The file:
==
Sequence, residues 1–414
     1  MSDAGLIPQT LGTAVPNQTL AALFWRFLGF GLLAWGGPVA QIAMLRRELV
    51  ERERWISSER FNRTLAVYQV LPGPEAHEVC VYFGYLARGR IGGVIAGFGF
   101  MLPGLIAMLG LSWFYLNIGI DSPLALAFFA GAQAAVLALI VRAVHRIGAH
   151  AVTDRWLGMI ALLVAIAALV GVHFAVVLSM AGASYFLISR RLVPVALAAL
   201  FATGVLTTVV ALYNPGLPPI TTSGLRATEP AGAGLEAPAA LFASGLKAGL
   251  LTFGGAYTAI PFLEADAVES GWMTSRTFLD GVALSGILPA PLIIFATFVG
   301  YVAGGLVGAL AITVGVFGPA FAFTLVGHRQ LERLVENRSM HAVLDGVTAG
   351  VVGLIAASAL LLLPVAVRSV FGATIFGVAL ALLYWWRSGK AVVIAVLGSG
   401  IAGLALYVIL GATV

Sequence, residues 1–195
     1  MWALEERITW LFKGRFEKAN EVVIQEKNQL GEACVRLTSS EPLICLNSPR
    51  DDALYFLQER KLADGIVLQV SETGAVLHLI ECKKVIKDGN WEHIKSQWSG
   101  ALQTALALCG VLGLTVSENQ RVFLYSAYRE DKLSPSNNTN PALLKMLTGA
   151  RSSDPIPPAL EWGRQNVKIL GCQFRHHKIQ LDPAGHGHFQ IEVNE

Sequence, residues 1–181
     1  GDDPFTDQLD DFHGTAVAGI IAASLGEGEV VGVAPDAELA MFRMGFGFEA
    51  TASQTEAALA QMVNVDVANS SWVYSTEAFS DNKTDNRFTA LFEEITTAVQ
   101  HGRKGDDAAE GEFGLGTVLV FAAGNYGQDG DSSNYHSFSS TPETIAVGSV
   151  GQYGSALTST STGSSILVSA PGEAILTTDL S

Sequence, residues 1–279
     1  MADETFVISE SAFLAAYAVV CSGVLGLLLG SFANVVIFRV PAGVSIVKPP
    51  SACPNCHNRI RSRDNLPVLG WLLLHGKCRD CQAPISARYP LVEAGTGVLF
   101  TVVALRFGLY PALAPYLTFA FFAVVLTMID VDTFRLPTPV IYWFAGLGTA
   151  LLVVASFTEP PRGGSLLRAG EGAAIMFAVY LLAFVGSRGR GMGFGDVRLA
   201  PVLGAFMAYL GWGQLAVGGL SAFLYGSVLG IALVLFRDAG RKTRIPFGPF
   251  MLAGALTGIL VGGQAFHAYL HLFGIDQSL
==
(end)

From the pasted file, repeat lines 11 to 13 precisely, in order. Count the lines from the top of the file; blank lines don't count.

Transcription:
Sequence, residues 1–195
     1  MWALEERITW LFKGRFEKAN EVVIQEKNQL GEACVRLTSS EPLICLNSPR
    51  DDALYFLQER KLADGIVLQV SETGAVLHLI ECKKVIKDGN WEHIKSQWSG